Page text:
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Today's Stichomancy for OJ Simpson

The first excerpt represents the element of Air. It speaks of mental influences and the process of thought, and is drawn from The Vicar of Tours by Honore de Balzac:

exacts, have, as a general thing, a mania for making others give way to them. In Mademoiselle Gamard this sentiment had degenerated into despotism, but a despotism that could only exercise itself on little things. For instance (among a hundred other examples), the basket of counters placed on the card-table for the Abbe Birotteau was to stand exactly where she placed it; and the abbe annoyed her terribly by moving it, which he did nearly every evening. How is this sensitiveness stupidly spent on nothings to be accounted for? what is the object of it? No one could have told in this case; Mademoiselle Gamard herself knew no reason for it. The vicar, though a sheep by nature, did not like, any more than other sheep, to feel the crook too

The second excerpt represents the element of Fire. It speaks of emotional influences and base passions, and is drawn from Barlaam and Ioasaph by St. John of Damascus:

bondman and adulterer be a god?

"Dionysus they show as a god, who leadeth nightly orgies, and teacheth drunkenness, and carrieth off his neighbours' wives, a madman and an exile, finally slain by the Titans. If then Dionysus was slain and unable to help himself, nay, further was a madman, a drunkard, and vagabond, how could he be a god?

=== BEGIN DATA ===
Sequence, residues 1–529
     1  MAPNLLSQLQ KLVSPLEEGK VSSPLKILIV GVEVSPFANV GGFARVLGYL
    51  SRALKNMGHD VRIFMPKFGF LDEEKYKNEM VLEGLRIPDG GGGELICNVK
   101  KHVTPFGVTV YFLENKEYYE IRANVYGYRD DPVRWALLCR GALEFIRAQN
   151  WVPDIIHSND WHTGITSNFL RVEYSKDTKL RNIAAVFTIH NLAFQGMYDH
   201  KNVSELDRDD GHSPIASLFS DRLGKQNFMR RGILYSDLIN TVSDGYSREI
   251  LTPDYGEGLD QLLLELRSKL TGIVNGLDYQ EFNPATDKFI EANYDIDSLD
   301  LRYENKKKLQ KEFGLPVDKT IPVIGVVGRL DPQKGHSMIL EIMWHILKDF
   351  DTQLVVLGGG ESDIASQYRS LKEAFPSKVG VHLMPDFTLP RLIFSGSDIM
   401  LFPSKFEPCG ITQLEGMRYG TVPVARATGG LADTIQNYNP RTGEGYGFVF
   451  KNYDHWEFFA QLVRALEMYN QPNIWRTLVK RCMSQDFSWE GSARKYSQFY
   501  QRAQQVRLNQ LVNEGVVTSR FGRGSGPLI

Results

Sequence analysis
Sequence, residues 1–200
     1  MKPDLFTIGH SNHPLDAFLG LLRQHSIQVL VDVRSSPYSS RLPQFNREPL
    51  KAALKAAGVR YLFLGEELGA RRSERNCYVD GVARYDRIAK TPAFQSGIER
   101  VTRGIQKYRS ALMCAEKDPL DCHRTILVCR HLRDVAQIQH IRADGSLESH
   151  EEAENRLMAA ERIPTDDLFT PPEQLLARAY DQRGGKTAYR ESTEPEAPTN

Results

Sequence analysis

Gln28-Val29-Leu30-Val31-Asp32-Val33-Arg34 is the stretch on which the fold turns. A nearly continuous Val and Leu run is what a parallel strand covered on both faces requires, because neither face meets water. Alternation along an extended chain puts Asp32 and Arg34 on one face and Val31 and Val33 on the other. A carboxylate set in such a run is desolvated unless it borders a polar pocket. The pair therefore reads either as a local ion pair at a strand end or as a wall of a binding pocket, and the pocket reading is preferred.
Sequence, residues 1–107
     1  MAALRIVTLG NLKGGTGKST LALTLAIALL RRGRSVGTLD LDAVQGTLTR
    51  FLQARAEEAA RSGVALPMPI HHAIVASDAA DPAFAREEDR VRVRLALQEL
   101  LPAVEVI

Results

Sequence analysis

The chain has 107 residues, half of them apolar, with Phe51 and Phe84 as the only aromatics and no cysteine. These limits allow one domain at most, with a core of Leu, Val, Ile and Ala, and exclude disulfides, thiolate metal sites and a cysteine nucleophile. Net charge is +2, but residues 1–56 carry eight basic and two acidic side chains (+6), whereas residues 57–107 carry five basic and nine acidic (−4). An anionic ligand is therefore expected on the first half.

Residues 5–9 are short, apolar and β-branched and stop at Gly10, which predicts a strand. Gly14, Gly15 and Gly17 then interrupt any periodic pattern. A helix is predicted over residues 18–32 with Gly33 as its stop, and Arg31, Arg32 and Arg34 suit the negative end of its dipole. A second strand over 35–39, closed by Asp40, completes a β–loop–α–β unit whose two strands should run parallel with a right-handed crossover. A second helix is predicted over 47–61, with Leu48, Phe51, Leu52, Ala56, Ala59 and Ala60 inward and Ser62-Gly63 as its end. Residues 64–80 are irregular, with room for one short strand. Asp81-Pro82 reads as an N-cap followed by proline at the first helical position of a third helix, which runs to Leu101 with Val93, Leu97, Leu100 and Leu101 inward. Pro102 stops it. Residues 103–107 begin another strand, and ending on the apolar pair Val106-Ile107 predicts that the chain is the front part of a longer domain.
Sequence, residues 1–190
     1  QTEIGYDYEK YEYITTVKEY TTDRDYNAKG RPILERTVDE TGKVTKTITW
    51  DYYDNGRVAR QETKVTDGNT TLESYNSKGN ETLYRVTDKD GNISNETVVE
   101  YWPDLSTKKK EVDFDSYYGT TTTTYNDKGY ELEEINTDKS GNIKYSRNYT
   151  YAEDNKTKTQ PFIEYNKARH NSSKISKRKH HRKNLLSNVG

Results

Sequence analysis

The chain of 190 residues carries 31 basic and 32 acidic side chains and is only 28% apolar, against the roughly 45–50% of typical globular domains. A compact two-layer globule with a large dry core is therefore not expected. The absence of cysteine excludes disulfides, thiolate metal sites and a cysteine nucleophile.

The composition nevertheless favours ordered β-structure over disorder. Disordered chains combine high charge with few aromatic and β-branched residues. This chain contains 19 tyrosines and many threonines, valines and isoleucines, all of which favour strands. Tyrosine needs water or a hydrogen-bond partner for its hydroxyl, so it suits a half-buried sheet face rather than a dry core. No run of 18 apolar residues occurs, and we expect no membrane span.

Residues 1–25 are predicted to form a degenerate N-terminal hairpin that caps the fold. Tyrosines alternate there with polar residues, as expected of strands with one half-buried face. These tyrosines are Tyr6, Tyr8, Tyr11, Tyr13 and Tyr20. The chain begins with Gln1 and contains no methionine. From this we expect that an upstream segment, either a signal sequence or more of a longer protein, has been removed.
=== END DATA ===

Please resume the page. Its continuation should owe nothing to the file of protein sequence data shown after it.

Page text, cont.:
"Herakles, too, is represented as drunken and mad, as slaying his own children, then consuming with fire and thus dying. How then could a drunkard and slayer of his own children, burnt to death by fire, be a god? Or how can he help others who could not help himself?

The third excerpt represents the element of Water. It speaks of pure spiritual influences and feelings of love, and is drawn from The Riverman by Stewart Edward White:

blue eyes and a humorously quirked mouth redeemed his countenance from commonplaceness.

He spread his feet apart and surveyed the scene.

"Well, boys," he remarked at last in a rollicking big voice, "I'm glad to see the situation hasn't spoiled your appetites."

At this they looked up with a spontaneous answering grin. Tom North laid aside his plate and started to arise.

"Sit still, Tom," interposed the newcomer. "Eat hearty. I'm going to feed yet myself. Then we'll see what's to be done. I think first thing you'd better see to having this wind turned off."

After the meal was finished, North and his principal sauntered to

The fourth excerpt represents the element of Earth. It speaks of physical influences and the impact of the unseen on the visible world, and is drawn from Eve and David by Honore de Balzac:

judgment was given before Desroches expected it. Lucien's creditor was pushing on the proceedings against him. A second execution was put in, and again Coralie's pilasters were gilded with placards. Desroches felt rather foolish; a colleague had "caught him napping," to use his own expression. He demurred, not without reason, that the furniture belonged to Mlle. Coralie, with whom Lucien was living, and demanded an order for inquiry. Thereupon the judge referred the matter to the registrar for inquiry, the furniture was proved to belong to the actress, and judgment was entered accordingly. Metivier appealed, and judgment was confirmed on appeal on the 30th of June.

On the 7th of August, Maitre Cachan received by the coach a bulky